283For each chain, the time is recorded to visualize performance of a memory allocator against each chain.
284
285\begin{figure}
286\centering
287\begin{lstlisting}[morekeywords={foreach}]
288Main Thread
289        create worker threads
290        foreach ( allocation chain )
291                note time T1
292                ...
293                note time T2
294                chain_speed = (T2 - T1) / number-of-worker-threads * N )
295Worker Thread
296        initialize variables
297        ...
298        foreach ( routine in allocation chain )
299                call routine N times
300\end{lstlisting}
301%\includegraphics[width=1\textwidth]{figures/bench-speed.eps}
302\caption{Speed Benchmark}
303\label{fig:SpeedBenchFig}
304\end{figure}
305
306The adjustment knobs for memory usage are:
307\begin{description}[itemsep=0pt,parsep=0pt]
308\item[max:]
309maximum object size.
310\item[min:]
311minimum object size.
312\item[step:]
313object size increment.
314\item[distro:]
315object size distribution.
316\item[objects:]
317number of objects per thread.
318\item[workers:]
319number of worker threads.
320\end{description}
321
322
323\subsection{Memory Micro-Benchmark}
324\label{s:MemoryMicroBenchmark}
325
326The memory micro-benchmark measures the memory overhead of an allocator.
327It allocates a number of dynamic objects and reads @/proc/self/proc/maps@ to get the total memory requested by the allocator from the OS.
328It calculates the memory overhead by computing the difference between the memory the allocator requests from the OS and the memory that the program allocates.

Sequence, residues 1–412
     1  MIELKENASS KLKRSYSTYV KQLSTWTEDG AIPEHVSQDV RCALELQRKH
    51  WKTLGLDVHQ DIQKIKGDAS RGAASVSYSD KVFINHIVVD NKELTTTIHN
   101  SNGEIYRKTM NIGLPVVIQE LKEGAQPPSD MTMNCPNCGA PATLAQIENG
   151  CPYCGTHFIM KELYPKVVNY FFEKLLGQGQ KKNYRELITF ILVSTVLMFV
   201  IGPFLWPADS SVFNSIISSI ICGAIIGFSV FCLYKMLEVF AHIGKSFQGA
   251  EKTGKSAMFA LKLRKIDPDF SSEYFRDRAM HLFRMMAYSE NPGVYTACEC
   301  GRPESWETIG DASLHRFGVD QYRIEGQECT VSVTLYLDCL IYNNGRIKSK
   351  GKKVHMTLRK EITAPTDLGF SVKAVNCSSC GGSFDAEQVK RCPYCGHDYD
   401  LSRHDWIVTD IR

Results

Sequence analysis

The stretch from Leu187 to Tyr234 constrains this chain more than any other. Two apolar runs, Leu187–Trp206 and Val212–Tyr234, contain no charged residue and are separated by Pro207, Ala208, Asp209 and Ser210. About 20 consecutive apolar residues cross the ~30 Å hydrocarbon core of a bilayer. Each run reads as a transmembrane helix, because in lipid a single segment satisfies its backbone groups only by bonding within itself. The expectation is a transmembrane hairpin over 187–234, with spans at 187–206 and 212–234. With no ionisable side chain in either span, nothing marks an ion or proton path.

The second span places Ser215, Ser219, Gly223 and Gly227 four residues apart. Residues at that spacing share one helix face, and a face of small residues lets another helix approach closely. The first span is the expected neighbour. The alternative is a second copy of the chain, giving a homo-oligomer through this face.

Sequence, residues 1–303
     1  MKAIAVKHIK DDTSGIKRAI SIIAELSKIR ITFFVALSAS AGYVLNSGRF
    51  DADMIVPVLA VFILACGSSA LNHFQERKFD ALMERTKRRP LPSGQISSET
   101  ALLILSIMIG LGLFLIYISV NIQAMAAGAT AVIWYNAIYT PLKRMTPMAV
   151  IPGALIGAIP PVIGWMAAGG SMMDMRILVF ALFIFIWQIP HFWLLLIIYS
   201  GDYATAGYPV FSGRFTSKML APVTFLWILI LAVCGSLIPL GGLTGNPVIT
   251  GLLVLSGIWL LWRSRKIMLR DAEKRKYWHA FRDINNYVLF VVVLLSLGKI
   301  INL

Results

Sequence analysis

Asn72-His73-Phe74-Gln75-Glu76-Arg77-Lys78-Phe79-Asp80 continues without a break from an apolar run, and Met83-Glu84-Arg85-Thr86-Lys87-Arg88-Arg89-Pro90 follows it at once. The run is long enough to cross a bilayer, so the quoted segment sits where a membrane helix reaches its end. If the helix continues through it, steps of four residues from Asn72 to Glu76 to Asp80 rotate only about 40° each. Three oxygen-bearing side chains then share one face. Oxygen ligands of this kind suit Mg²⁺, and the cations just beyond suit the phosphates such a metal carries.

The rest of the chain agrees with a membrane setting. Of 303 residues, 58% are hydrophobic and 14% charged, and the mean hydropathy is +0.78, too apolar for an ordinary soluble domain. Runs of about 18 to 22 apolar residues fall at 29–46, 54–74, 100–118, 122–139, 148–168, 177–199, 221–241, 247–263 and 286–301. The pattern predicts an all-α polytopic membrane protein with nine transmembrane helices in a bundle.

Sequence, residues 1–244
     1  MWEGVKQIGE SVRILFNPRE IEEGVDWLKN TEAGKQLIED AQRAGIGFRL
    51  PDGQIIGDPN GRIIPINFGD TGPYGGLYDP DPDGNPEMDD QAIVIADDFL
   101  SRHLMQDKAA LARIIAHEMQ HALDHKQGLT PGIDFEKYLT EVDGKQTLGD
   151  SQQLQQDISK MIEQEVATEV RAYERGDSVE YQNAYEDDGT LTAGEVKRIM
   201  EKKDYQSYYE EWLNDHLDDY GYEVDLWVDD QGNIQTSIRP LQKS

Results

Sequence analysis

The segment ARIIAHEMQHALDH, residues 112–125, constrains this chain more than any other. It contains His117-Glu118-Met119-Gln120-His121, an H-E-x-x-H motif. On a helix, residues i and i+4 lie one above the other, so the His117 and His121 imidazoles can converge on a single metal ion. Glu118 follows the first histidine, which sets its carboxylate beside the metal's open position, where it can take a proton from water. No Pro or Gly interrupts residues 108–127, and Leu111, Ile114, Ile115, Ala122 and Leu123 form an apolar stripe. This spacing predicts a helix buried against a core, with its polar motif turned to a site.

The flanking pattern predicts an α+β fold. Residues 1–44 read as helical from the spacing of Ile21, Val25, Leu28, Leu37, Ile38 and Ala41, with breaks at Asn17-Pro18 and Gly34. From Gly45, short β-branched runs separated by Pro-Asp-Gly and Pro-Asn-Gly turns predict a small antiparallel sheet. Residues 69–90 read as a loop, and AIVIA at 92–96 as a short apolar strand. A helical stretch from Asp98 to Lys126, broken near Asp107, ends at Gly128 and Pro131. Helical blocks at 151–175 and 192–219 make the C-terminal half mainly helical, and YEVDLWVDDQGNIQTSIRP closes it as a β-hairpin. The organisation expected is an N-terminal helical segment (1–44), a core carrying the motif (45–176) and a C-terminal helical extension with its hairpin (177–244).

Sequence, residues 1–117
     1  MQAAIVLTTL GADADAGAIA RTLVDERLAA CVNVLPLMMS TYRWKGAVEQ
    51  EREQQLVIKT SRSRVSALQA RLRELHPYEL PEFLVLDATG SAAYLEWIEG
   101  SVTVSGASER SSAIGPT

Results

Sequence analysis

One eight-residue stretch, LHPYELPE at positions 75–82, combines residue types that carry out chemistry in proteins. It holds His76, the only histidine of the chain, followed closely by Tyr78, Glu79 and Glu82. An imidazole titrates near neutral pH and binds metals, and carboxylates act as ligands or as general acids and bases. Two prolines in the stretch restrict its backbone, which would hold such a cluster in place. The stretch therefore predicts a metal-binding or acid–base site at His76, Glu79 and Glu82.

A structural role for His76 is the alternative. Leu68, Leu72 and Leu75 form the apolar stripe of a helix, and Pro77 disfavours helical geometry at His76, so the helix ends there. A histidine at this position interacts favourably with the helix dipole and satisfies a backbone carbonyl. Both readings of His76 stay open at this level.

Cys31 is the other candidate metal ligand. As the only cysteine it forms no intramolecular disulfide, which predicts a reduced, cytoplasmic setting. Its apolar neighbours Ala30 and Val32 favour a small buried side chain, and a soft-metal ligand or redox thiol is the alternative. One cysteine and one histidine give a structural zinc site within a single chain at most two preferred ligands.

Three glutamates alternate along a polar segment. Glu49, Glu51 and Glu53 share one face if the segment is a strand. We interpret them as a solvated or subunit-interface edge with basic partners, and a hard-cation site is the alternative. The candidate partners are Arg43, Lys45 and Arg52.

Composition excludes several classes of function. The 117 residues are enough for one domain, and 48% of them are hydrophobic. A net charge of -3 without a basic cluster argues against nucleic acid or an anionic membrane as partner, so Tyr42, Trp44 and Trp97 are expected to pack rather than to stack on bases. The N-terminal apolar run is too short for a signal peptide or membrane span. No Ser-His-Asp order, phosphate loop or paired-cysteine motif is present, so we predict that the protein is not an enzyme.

329This micro-benchmark is like Larson and stresses the ability of an allocator to deal with object sharing.
330
331\VRef[Figure]{fig:MemoryBenchFig} shows the pseudo code for the memory micro-benchmark.
332It creates a producer-consumer scenario with K producer threads and each producer has M consumer threads.
333A producer has a separate buffer for each consumer and allocates N objects of random sizes following a settable distribution for each consumer.
334A consumer frees these objects.
335After every memory operation, program memory usage is recorded throughout the runtime.
336This data is used to visualize the memory usage and consumption for the program.
337
338\begin{figure}
339\centering
340\begin{lstlisting}
341Main Thread
342        print memory snapshot
343        create producer threads
344Producer Thread (K)
345        set free start
346        create consumer threads
347        for ( N )
348                allocate memory
349                print memory snapshot
350Consumer Thread (M)
351        wait while ( allocations < free start )
352        for ( N )
353                free memory
354                print memory snapshot
355\end{lstlisting}
356%\includegraphics[width=1\textwidth]{figures/bench-memory.eps}
357\caption{Memory Footprint Micro-Benchmark}
358\label{fig:MemoryBenchFig}
359\end{figure}
360
361The global adjustment knobs for this micro-benchmark are:
362\begin{description}[itemsep=0pt,parsep=0pt]
363\item[producer (K):]
364sets the number of producer threads.
365\item[consumer (M):]
366sets number of consumers threads for each producer.
367\item[round:]
368sets production and consumption round size.
369\end{description}
370
371The adjustment knobs for object allocation are:
372\begin{description}[itemsep=0pt,parsep=0pt]
373\item[max:]
374maximum object size.
375\item[min:]
376minimum object size.
377\item[step:]
378object size increment.
379\item[distro:]
380object size distribution.
381\item[objects (N):]
382number of objects per thread.
383\end{description}